A New Puyo Puyo Game Comes To America, And The Monkey’s Paw Curls…

I love Puyo Puyo! I hold no illusions about being any good at it–I’m extremely not–but I love it. It’s a cute puzzle game with a cavalcade of cute characters like the beloved Arle and her many friends like Carbuncle, Draco, and, uh… “Satan”. Also, the Puyo Puyo theme is a delightful earworm, perfect for such a legendary and beloved series. Older fans in America are likely more familiar with the localized versions of Puyo Puyo that were released on the SNES and Sega Genesis, Kirby Avalanche, and Dr. Robotnik’s Mean Bean Machine. Similar to Panel De Pon on SNES being converted into the Yoshi-themed Tetris Attack, someone likely figured that a puzzle franchise wouldn’t do all that well with a g-g-g-girl as the protagonist. Nevertheless, Puyo Puyo has made a minor comeback in the US, and we’ve seen fun new ideas with the series like the stellar Puyo Puyo Tetris. Also, there was a fun episode of Genshiken back then where one of the characters tried to get his girlfriend interested. It’s been a bit since we’ve last had a Puyo Puyo game. Maybe Sega has something cooking up for us? Looks like they do.


… Oh dear. Let’s get the good out of the way: the game looks adorable, the gameplay looks frantic (a must for Puyo Puyo, and it’s just nice to have this fun little relationship-destroying game back. They even brought back some of the fan-favorite English VAs, from the looks of it! But, oh boy… Sega still touched upon the one thing guaranteed to disappoint fans. This new Puyo Puyo game, titled Puyo Puyo Puzzle Pop, is going to be an Apple Arcade exclusive. This isn’t the first time Sega has hitched its wagon with Apple Arcade; a few months back, Sonic Dream Team did much the same. Sonic Dream Team is still exclusive to the Apple Arcade. The outlook on Puyo Puyo Puzzle Pop isn’t good.

On top of needing an expensive Apple device to play the game and paying a subscription service to play that game, there’s also the risk of the game vanishing. Fans have been burnt by an Apple Arcade exclusive of another of Sega‘s old puzzle games, Chu-Chu Rocket. Chu-Chu Rocket! Universe vanished from availability once it was taken off of Apple Arcade, and it doesn’t seem like it’ll ever be ported anywhere else since folks have been waiting for two years. Japanese fans are also very disappointed by the exclusivity. Also, it seems this game is mostly being developed in America, since the Japanese logo just recycles the English logo. This is fine, I’m cool with Sega Games getting made by American studios for a primarily American audience. I wish it wasn’t released on Apple Arcade so people could actually play it! This isn’t like when a game gets sold on a Switch and people wish it was on PC because Switch is mainstream and games don’t just vanish once their contract is up.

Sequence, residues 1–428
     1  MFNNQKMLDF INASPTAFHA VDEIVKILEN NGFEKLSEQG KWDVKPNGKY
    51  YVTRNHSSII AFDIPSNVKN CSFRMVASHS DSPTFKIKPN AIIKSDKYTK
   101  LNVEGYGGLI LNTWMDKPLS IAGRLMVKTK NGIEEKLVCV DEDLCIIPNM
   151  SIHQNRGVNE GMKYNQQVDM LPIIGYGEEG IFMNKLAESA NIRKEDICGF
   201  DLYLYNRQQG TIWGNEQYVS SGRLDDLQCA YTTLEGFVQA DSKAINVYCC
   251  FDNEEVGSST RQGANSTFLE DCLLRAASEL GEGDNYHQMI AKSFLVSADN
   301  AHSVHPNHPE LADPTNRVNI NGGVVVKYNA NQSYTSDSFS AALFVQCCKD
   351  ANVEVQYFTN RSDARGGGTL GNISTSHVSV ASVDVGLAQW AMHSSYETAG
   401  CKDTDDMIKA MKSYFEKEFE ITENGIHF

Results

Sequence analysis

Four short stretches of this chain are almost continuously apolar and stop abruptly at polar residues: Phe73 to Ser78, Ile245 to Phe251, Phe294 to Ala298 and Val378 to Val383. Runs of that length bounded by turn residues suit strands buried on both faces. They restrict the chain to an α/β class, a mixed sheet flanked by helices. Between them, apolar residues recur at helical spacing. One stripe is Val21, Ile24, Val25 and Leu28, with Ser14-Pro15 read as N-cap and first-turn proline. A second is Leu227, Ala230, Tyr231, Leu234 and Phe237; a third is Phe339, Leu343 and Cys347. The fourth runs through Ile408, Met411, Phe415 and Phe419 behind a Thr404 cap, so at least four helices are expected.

It’s a bummer that such a fun-looking Puyo Puyo game is gated to such a tiny platform; I hope we get something meatier to chew on soon because Puyo Puyo fans are starving.

Let’s wrap up with some quick tidbits

  • Akuma is coming to Street Fighter 6 ! No specific word yet on his release date beyond a vague “Spring 2024”.
  • Phantasy Star Online 2 New Genesis has been featuring a lot of weird collabs lately, let’s toss a new one onto the pile! Look forward to an Atelier crossover featuring Marie and Ryza this March 26th!
  • If you haven’t gotten your hands on the Grandia HD Collection yet, good news: they’re coming soon to Xbox and Playstation! Enrich your life with Jodi Benson‘s timeless performance as the lady-demon Millenia.
  • So it turns out Exoprimal is great? I sure hope more people come around to it. In the meantime: Mega Man themed suits and weapons will be coming to Exoprimal this April 17th. Hopefully, that sweetens the pot.
  • The upcoming Monster Hunter Stories Collection is still coming out on the Switch, but to the disappointment of many it seems that only the first title will be on the cartridge; the second game will only be provided by an eShop code…
  • If you’re like me and you prefer using your PC for work and not gaming, you can look forward to picking up El Shaddai: Ascension of the Metatron on Nintendo Switch this April 28th!
  • As you read this, I’ll be in another state working on some Cool Stuff™! I’m excited for this one and maybe getting some airport Cinnabon while I’m at it. Airport food is not to be underestimated; two years ago when I was being flown out to that One Piece: Odyssey preview in San Diego, I ate a guacamole burger at this one bar and grill at the airport while I was waiting for lunch. Seriously good stuff, I’ve been chasing that high ever since… Be good to each other, I’ll see you in seven.


    This Week In Games! is written from idyllic Portland by Jean-Karlo Lemus. When not collaborating with Anime News Network, Jean-Karlo can be found playing JRPGs, eating popcorn, watching v-tubers, and tokusatsu. You can keep up with him at @mouse_inhouse or @ventcard.bsky.social.